Sometimes the importance of a decision isn't clear until after the fact. For Jason Hemphill, the decision to enroll in Advanced Placement classes echoes more than 25 years later.
"It was a challenge, but I was forced to balance school and sports," Hemphill said. "I was a huge perfectionist back in high school and through college. AP courses forced me to challenge the 'perfection is necessary for success' assumption due to time constraints. Later in life, I found that this was a turning point to understand that being perfect is not a goal to judge yourself, but pushing yourself to your potential should be a goal for us all."
Today, Hemphill is a Principal Scientist for Abbott--formerly St. Jude Medical--whose work improves life-saving medical devices right here in Pickens County. In his 20-year career, he has 18 patents to his name, is a certified Professional Engineer in SC, and is a certified Project Management Professional. He is the picture of a successful graduate with a career in STEM (Science, Technology, Engineering and Math), and he can trace the seeds of that success to rigorous AP courses at Liberty High School.
"AP courses gave me the ability to see how college was going to be, but with the support structure and safety of high school," he said.
Kathy Grant, who was Hemphill's AP English teacher, is still active in the classroom, teaching another generation of students at Easley High. With 30 years of experience in teaching AP courses, she's an expert on how they can set students on a path to success. "AP English classes move at a faster pace and require more study than CP and Honors classes," Grant explained. "Students must be more dedicated to learning content, completing reading assignments, and more focused on growing their test taking skills—time management, reading and processing skills, and critical thinking skills." The benefits of this rigorous coursework reveal themselves in college; students are far more prepared for college courses, and may even begin taking sophomore-level courses in their freshman year.
For many years, AP courses have been considered the sole domain of only the highest-flying students. Now, all Pickens County students with an eye on college are encouraged to enroll.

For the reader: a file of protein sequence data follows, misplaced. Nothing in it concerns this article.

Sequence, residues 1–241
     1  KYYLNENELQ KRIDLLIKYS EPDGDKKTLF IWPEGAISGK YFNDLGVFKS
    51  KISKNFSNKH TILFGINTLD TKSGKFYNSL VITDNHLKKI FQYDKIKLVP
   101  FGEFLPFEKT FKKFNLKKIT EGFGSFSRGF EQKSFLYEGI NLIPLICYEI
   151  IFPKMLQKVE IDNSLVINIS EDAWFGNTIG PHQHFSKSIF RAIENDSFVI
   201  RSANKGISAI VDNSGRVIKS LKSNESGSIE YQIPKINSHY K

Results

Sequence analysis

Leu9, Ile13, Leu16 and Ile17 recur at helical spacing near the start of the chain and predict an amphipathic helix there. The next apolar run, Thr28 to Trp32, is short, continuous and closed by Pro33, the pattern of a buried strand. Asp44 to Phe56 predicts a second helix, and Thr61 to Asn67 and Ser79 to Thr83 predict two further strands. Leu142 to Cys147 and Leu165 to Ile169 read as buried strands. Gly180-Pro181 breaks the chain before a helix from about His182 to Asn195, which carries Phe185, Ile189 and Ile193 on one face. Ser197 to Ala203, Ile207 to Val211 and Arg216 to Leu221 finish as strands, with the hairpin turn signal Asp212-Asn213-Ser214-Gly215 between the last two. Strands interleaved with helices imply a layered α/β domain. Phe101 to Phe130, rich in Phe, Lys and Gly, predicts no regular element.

"'Bigger Circles' is the term we use when talking about Advanced Placement," said Dr. Danny Merck, SDPC's superintendent. "I've seen the benefits of AP classes as a student, a teacher, a principal, and a parent. Sometimes students are afraid to enroll in AP classes because they don't know if they can keep up. What I've seen is that the long-term benefits of experiencing that level of academic rigor far outweigh the challenge of succeeding on AP exams. We want to expand the circle of students participating to be as wide as possible."
All four of the district's high schools have put this idea into action, increasing AP participation by 20 percent from 2015 to 2016, and another 24 Percent from 2016 to 2017 (as of 2/2/2017). Even though AP classes are rigorous, students don't have to ace every test in order for the classes to help their Grade Point Average.
"Typical high school classes allow students to earn up to a 4.0 GPA. AP classes go up to 5.0," said Lori Gwinn, SDPC's Director of Secondary Education. "In other words, a student earning a B in an Advanced Placement class gets the same GPA as a student earning an A in a regular high school class." Gwinn encourages students to ask their guidance counselors about taking AP classes as they begin to set their schedule for next school year. "February is when our course catalog comes out for the next year, so now is the time to start thinking about what AP classes to take," she said.
As Hemphill can attest, his decisions in high school are still paying off.
"When I look back at my career, AP course work gave me my first chance to push myself and see the fruits of my labor and effort in the reward of starting Clemson almost a sophomore. I feel like that lesson translated very positively to wanting to push myself in my career to now being in a successful job with a great family. As a manager at Abbott, I try to influence and encourage others to go back to school and get their degree to improve themselves and their career."